Uber claims hack came from Lapsus$, the group behind Microsoft and T-Mobile attacks

The company believes the hacker took advantage of a contractor's computer.

Sponsored Links

Jon Fingas
September 19, 2022 3:23 PM
Uber app on iPhone
Austin Distel on Unsplash

Uber believes it has identified the team behind last week's hack, and the name will sound all too familiar. In an update on the breach, Uber said the perpetrator was affiliated with Lapsus$, the hacking group that has targeted tech firms like Microsoft, Samsung and T-Mobile. The same intruder might also have been responsible for the Rockstar hack that leaked Grand Theft Auto VI, Uber said.

It's also clearer just how the culprit may have accessed Uber's internal systems. The attacker likely bought the contractor's login details on the dark web after they'd been exposed through a malware-infected computer. Two-factor authentication initially prevented the hacker from getting in, but the contractor accepted an authentication request — that was enough to help the invader compromise employee accounts and, in turn, abuse company apps like Google Workspace and Slack.

As before, Uber stressed that the hacker didn't access public-facing systems or user accounts. The codebase also remains untouched. While those responsible did compromise Uber's bug bounty program, any vulnerability reports involved have been "remediated." Uber contained the hack by limiting compromised accounts, temporarily disabling tools and resetting access to services. There's also extra monitoring for unusual activity.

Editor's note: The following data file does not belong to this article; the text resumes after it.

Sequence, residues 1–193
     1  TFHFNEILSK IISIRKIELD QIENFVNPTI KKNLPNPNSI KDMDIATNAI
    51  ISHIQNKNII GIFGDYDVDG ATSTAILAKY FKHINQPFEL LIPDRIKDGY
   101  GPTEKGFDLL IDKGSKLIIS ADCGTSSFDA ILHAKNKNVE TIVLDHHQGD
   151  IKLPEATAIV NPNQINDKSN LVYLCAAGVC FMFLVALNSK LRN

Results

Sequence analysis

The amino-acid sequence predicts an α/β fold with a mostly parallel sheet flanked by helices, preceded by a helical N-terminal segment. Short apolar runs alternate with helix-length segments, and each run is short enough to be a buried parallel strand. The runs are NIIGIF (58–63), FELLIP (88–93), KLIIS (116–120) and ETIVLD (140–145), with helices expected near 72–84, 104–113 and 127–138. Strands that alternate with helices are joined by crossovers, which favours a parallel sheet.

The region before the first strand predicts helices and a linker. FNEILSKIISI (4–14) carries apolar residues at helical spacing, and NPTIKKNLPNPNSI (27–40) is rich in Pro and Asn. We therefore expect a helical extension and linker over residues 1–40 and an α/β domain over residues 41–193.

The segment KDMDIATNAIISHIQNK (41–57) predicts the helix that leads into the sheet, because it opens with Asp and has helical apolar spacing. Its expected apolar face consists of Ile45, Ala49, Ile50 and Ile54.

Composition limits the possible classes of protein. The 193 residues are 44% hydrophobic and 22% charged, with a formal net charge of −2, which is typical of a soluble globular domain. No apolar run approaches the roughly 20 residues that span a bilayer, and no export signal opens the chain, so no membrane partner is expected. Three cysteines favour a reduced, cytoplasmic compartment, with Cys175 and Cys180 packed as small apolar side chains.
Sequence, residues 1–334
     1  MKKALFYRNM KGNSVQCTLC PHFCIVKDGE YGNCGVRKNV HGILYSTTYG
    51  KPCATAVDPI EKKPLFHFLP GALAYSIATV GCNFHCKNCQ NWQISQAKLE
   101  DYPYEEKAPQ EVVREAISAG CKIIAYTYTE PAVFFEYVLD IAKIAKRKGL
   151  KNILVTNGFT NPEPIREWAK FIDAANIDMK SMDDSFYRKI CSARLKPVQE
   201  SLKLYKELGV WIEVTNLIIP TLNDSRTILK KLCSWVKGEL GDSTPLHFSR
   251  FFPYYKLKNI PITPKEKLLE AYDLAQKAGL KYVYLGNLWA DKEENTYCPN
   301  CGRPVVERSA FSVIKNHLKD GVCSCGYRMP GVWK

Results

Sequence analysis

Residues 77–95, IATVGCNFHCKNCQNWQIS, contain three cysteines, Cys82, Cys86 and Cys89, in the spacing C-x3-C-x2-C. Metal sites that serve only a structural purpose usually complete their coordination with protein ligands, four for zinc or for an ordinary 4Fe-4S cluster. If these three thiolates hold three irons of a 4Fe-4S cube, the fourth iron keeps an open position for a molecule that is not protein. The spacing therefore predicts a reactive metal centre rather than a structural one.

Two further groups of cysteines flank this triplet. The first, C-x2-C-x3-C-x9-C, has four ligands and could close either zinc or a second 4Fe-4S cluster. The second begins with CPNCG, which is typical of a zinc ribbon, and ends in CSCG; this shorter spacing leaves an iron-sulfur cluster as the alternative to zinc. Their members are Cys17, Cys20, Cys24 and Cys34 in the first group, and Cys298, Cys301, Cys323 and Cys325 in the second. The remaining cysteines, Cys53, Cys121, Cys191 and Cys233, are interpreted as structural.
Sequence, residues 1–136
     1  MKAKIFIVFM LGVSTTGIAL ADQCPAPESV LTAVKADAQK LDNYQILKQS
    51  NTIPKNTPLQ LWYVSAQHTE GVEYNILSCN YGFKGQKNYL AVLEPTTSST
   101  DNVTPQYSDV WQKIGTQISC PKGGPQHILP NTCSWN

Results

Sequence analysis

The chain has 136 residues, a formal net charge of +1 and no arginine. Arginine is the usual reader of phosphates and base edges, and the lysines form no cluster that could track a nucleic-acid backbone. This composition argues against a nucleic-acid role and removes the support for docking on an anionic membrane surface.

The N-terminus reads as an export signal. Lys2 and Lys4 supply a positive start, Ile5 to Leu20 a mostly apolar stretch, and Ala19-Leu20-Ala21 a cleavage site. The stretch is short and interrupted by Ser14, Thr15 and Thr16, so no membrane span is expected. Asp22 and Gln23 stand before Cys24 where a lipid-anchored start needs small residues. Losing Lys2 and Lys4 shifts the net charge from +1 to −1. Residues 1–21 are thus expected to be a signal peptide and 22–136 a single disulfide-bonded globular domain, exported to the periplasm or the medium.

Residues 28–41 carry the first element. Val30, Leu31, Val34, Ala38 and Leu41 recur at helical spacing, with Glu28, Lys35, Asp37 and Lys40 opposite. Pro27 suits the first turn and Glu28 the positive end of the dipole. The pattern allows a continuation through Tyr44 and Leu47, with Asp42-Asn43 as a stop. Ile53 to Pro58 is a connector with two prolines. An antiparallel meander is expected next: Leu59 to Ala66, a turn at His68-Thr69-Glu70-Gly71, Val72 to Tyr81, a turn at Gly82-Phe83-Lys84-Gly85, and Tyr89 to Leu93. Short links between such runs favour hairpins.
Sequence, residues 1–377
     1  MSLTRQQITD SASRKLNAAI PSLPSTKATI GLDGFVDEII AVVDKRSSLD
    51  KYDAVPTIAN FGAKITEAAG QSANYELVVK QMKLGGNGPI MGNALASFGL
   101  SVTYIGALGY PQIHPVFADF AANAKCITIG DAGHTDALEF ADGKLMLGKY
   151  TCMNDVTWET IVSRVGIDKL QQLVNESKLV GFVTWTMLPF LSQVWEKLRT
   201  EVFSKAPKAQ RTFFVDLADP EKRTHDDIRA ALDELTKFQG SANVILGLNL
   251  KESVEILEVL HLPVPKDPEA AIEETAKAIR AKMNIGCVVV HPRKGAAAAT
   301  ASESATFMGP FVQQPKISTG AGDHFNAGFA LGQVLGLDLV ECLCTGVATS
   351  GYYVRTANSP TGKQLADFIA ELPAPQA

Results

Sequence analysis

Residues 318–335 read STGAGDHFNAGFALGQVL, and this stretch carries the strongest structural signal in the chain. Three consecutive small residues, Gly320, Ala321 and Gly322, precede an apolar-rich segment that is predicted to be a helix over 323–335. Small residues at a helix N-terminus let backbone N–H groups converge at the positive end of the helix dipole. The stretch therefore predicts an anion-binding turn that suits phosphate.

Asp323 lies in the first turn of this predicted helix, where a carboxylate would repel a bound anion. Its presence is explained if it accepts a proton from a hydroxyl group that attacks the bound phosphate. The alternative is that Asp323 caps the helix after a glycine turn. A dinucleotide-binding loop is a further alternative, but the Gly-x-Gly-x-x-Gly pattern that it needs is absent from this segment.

Turn on browser notifications to receive breaking news alerts from Engadget
You can disable notifications at any time in your settings menu.
Not now

The incident update suggests the damage to Uber is relatively limited. However, it also indicates that Lapsus$ is still hacking high-profile targets despite arrests. It also underscores major tech companies' continued vulnerability to hacks. In this case, one wrong move by a contractor was all it took to disrupt Uber's operations.

All products recommended by Engadget are selected by our editorial team, independent of our parent company. Some of our stories include affiliate links. If you buy something through one of these links, we may earn an affiliate commission. All prices are correct at the time of publishing.
View All Comments
Uber claims hack came from Lapsus$, the group behind Microsoft and T-Mobile attacks